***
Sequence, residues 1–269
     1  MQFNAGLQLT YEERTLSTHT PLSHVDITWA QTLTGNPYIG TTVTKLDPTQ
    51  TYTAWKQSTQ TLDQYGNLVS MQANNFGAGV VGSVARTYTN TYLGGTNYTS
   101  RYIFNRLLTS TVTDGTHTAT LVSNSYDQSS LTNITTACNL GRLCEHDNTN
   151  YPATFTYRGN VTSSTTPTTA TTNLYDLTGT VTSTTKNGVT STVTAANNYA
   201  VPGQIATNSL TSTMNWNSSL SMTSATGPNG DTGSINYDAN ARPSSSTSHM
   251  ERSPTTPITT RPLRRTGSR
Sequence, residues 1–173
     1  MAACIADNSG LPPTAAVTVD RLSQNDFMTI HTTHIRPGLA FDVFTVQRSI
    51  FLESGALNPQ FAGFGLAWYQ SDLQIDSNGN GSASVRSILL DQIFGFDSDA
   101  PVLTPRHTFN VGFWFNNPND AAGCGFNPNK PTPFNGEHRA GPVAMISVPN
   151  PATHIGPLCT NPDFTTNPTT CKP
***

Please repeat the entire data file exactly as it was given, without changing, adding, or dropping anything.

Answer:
Sequence, residues 1–269
     1  MQFNAGLQLT YEERTLSTHT PLSHVDITWA QTLTGNPYIG TTVTKLDPTQ
    51  TYTAWKQSTQ TLDQYGNLVS MQANNFGAGV VGSVARTYTN TYLGGTNYTS
   101  RYIFNRLLTS TVTDGTHTAT LVSNSYDQSS LTNITTACNL GRLCEHDNTN
   151  YPATFTYRGN VTSSTTPTTA TTNLYDLTGT VTSTTKNGVT STVTAANNYA
   201  VPGQIATNSL TSTMNWNSSL SMTSATGPNG DTGSINYDAN ARPSSSTSHM
   251  ERSPTTPITT RPLRRTGSR
Sequence, residues 1–173
     1  MAACIADNSG LPPTAAVTVD RLSQNDFMTI HTTHIRPGLA FDVFTVQRSI
    51  FLESGALNPQ FAGFGLAWYQ SDLQIDSNGN GSASVRSILL DQIFGFDSDA
   101  PVLTPRHTFN VGFWFNNPND AAGCGFNPNK PTPFNGEHRA GPVAMISVPN
   151  PATHIGPLCT NPDFTTNPTT CKP